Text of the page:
Imagine you are a Social Security administrative law judge (ALJ), and that you are preparing for a hearing to decide whether or not a claimant receives disability benefits. What information is available to you to review prior to the hearing?
Put yourself in the position of the ALJ looking at the file for the first time. Does it look like one of those claims likely to be granted? Remember, the judge has not had any interaction with the client, the way that the lawyer (hopefully) has. So all the judge has available is what is in the disability claim file.
The lawyer should provide the SSA with the claimant’s complete medical records, and a medical source statement from any treating source that will provide one. And that is a good start. But it can be difficult to evaluate claims based solely on the information from the medical records and the standard forms in the disability claim file. The claimant’s story is not always apparent from the claim file information.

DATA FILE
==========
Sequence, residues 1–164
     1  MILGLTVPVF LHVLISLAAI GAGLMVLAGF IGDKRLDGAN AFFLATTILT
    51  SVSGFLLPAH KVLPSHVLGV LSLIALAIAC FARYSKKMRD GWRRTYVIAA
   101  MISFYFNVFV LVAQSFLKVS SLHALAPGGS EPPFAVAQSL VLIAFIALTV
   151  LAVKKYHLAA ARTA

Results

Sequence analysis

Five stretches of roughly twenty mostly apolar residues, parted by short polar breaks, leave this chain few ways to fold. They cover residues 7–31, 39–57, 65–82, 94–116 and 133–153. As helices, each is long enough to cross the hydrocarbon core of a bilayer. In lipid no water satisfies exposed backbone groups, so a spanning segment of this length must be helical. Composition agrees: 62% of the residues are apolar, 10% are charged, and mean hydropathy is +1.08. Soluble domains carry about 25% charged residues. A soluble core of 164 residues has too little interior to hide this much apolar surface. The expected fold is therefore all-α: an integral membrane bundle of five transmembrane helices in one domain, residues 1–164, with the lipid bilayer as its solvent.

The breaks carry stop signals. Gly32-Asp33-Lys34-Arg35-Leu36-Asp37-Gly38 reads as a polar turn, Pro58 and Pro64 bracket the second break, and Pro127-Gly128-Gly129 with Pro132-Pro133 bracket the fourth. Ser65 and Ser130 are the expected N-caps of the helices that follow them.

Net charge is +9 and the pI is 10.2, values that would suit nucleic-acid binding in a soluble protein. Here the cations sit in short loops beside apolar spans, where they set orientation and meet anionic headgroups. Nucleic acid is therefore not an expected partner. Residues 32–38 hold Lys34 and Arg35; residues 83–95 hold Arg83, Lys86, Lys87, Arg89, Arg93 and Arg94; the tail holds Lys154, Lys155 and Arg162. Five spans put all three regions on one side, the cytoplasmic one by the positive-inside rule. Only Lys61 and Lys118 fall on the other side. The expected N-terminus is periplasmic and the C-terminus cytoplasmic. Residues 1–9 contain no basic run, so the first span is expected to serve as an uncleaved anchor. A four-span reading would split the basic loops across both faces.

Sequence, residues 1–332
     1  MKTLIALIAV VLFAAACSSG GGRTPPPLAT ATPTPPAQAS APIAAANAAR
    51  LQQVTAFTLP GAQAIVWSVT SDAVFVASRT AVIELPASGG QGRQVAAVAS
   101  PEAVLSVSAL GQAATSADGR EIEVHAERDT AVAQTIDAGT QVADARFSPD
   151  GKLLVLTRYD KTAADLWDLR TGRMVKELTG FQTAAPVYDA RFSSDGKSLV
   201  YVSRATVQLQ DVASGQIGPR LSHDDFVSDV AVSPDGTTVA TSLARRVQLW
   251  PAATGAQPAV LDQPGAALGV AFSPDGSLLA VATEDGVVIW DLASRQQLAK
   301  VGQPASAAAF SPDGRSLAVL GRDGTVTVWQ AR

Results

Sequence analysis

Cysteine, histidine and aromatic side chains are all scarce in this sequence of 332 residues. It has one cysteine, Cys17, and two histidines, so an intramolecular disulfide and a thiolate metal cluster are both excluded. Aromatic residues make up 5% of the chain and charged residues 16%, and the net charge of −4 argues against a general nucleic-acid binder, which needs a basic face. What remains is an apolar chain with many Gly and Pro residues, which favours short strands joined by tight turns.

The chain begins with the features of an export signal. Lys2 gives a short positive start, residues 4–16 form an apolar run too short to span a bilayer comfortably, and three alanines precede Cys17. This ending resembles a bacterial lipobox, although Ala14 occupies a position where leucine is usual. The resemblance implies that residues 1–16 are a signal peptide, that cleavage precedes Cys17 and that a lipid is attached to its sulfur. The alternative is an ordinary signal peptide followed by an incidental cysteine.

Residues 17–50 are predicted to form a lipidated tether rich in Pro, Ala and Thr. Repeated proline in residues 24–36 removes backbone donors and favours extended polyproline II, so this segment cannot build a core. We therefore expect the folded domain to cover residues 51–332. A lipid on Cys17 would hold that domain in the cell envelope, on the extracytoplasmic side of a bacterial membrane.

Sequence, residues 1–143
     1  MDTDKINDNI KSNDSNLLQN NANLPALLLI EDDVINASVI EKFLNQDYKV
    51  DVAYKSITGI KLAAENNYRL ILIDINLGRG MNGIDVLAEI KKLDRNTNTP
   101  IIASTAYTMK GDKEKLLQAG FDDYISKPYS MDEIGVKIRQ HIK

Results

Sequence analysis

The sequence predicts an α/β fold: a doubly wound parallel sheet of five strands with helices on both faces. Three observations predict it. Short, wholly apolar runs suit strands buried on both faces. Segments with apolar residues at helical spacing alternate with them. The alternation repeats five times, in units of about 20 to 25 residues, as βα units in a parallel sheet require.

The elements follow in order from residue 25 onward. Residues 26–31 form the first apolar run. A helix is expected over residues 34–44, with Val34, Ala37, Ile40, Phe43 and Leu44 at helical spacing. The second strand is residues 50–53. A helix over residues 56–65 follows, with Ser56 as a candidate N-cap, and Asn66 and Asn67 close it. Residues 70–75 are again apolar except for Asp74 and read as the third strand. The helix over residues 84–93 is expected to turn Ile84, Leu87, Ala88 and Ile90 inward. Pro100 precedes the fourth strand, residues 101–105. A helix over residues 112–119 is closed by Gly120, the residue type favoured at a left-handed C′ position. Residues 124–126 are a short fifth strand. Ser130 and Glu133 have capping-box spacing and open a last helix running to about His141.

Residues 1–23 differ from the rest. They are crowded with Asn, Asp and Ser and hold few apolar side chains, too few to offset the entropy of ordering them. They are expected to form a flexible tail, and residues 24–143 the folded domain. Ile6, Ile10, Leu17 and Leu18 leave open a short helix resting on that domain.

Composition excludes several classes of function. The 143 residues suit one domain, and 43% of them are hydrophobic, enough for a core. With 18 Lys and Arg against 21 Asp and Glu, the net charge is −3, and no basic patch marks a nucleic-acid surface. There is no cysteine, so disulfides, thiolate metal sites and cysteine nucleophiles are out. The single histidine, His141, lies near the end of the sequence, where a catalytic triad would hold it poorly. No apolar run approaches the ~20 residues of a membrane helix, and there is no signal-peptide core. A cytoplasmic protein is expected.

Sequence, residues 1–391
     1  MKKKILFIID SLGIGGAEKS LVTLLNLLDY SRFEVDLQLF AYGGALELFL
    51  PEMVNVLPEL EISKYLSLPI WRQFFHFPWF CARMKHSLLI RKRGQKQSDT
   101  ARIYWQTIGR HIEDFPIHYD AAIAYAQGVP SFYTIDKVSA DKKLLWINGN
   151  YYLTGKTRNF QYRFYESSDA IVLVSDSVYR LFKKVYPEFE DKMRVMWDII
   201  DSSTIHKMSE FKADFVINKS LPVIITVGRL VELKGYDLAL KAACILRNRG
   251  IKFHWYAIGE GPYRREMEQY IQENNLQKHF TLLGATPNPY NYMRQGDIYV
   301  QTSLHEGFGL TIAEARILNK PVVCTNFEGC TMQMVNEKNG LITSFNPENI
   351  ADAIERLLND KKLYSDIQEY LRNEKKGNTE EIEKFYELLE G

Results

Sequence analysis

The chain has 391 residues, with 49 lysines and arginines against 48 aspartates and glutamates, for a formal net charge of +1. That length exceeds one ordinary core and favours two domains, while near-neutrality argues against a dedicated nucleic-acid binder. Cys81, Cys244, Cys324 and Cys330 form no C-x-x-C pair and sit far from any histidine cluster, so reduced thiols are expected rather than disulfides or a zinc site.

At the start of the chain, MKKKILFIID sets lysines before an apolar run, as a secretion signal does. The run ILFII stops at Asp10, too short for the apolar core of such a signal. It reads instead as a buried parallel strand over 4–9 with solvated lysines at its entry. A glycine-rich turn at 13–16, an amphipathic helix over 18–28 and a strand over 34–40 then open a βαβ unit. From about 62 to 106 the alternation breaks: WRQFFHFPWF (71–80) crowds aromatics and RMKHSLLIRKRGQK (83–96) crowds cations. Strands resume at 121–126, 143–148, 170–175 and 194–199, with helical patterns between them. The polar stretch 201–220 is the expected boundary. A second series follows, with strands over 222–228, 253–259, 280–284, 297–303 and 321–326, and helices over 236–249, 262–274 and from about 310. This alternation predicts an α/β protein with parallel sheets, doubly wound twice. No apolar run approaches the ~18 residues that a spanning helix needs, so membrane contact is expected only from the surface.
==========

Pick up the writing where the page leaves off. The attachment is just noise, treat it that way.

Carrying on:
If you were the judge, do you think that a hearing brief would be helpful at the time of the first review of the claim file, giving the claimant’s perspective of the case, and telling the claimant’s story? Do you think that a “lay” statement from a family member or friend, describing how life has changed since the disability began, would be helpful?
Put yourself in the shoes (or the robe) of the ALJ, and provide the information that will distinguish the claimant as a person with a compelling story, deserving of benefits, and disabled under Social Security’s rules. And have the information in the record well ahead of the hearing, so it is there when the judge first reviews the claim.
Download free ebook: